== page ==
By Collin Berend
Over the years, transgender rights have been in debate as advocates push for acceptance and others argue against the notion. Someone who is transgender is a person whose sense of personal identity and gender do not correspond with their birth sex, by definition.
Students and faculty members who are transgender, or wish to come out, may seek refuge in a place of acceptance or look to the school to help in any type of resource to help them.
“We don’t actually have many resources here on campus,” said department chair of counseling Stephanie Schaefer. “Basically the [Gender and Sexuality Alliance club] and the counseling department.” Schaefer also pointed out that the disability center may provide some use, such as how to “navigate challenges on campus.”
For transgender students, coming out or being oneself can be far more arduous struggle.
Some may live their lives comfortably, others may endure publicly being demonized as mentally ill and comparable to a pedophile or a freak, severely affecting a group of individuals who hold a high suicide rate as it is.
The Williams Institute, a gender and sexuality legal research institute at the University of California, Los Angeles, School of Law, published a paper that showed suicide rates are higher for the community and for those who are transwomen – male to female – and those that are transmen – female to male
The Williams Institute reported that those transitioning from male to female have a 42 percent suicide attempt rate. Female to male transgender individuals have a 45 percent suicide rate. The general population’s attempt suicide rate is 13.26 percent rate.
According to the paper, Oregon ranks at number seven on states with transgender people based on percentage to general population, at 0.66 percent – which is 19,750.
Studies have shown that even undergoing surgery and transitioning does not falter those numbers. However, the actual cause why even those who have undergone sexual reassignment surgery – SRS – still have a high suicide rate. Only people’s hypotheses fill the air as to why the suicide rates are so high, but nothing actually confirmed via peer-reviewed papers.
What resources exist for those attending or working for Clackamas Community College?
“When Planned Parenthood was looking at opening an office in the Clackamas County area,” said Schaefer, “they came and talked to us about needs we saw in the community and one of the things I had mentioned was that we basically have no resources for transgender folks, particularly things like hormone treatment.”
Schaefer explained that due to the lack of resources, not only on campus, but in Clackamas County, people are forced to go to places like Portland.
“These are resources we would like to have in the Multicultural Center and are working on obtaining and making available to students,” John Ginsburg, interim associate dean of academic foundations and connections, said in an email.
Those who feel threatened or afraid on campus should look no further than what was plastered around campus in emails and posters last month for Sexual Assault Awareness Month: stickers and reminders of Title IX.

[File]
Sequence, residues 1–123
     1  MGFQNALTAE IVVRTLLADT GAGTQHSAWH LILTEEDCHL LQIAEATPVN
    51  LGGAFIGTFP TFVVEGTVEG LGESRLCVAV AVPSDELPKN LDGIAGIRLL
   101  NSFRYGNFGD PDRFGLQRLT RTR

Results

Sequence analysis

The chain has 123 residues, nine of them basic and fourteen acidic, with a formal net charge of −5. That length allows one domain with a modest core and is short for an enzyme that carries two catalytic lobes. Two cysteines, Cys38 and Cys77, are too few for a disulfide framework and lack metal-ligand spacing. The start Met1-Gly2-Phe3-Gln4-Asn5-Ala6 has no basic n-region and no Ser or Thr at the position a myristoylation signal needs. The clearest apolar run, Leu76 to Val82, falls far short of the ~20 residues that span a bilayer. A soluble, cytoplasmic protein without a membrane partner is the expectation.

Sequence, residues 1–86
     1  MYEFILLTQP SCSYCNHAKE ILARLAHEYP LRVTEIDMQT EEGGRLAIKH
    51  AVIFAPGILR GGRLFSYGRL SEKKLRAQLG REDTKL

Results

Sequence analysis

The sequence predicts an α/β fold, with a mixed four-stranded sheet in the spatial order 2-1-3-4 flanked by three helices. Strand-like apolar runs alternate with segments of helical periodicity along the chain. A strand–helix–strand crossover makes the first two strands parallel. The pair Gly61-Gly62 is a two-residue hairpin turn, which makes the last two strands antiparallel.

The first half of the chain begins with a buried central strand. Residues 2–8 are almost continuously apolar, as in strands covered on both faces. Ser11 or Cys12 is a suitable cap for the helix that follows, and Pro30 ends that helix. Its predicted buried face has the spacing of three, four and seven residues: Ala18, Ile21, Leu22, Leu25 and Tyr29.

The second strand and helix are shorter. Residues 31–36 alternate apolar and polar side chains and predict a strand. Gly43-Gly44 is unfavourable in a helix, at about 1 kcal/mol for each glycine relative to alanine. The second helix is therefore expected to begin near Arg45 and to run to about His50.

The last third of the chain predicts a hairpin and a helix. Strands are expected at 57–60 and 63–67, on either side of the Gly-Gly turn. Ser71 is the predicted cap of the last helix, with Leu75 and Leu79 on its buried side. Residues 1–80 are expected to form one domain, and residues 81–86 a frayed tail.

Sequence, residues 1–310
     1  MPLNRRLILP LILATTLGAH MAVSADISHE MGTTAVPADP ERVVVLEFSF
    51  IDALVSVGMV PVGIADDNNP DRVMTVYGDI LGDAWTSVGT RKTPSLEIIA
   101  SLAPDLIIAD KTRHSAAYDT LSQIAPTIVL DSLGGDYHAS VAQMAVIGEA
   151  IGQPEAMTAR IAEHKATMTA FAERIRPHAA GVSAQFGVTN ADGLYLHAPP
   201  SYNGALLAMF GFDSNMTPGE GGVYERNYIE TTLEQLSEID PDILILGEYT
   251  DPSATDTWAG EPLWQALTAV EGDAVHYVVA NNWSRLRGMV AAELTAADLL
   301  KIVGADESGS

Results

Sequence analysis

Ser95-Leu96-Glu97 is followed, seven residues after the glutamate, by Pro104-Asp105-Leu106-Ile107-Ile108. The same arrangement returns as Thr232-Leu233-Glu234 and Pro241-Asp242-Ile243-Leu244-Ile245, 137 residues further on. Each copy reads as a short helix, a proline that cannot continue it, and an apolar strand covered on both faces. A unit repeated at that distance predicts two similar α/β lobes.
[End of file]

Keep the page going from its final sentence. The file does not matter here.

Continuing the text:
Title IX starkly highlights that the school cannot discriminate against someone based on their gender.
“There are processes in place for students,” said English department chair Carol Burnell. “For example, changing your name in the system, you [can make the request at student services]. And that’s something that is very helpful. It’s not great when you go to class and someone is reading the wrong name. It creates awkward situations.”
“I do know that in all new building construction, there will be [gender neutral bathrooms],” said Burnell. “Locally, depending on age, there are different resources. For folk under 21 there is The Living Room. And that’s a resource for all queer youth and they’re very [transgender] friendly.”
Joanna Ponce is a former employee at CCC who taught English as a second language and is also transgender. She transitioned while employed at CCC.
“I was a teacher with the [ESL] program,” said Ponce. “And I‘ve done that almost all my life, for [about] 40 years.”
“I transitioned at the college in [spring] 2004,” said Ponce. “I went to see the [Human Resources] department and told them that I was going to transition.
“When I came back onto campus [in] September, I would be Joanna. They understood the law,” said Ponce. “They understood my rights.”
“I gave them information about transgender people and I said that I’d be willing to help in any way they needed help,” said Ponce. “But my intention was to send out a letter via email to all the faculty and administrators at the college about my change and that when I came back to the campus in the fall, I would have a new name and a new gender.”
During her time at the college, Ponce mentions that she didn’t have a glamorous struggle story, that people were tolerant, even if they didn’t accept it, acting in a professional manner. She recalled one moment where a close friend she knew inquired about addressing her in her former male name, to which she said, “Oh you may not.”
During her last few years, she said that she went to the LGBTQ+ club that existed and handed her card out to students, to which she was contacted by some transgender students and other who were questioning or curious about transgender.
Ponce currently resides in Mexico where she continues educating others on the English language.
For those over 21, there is the Q Center and the Clackamas County Health. The Q Center, 4115 N Mississippi Ave in Portland, is a Lesbian, Gay, Bisexual, Transgender and Queer plus (LGBTQ+) community center that offers many resources, including support groups. These group are inclusive to all ages, not just 21 and over.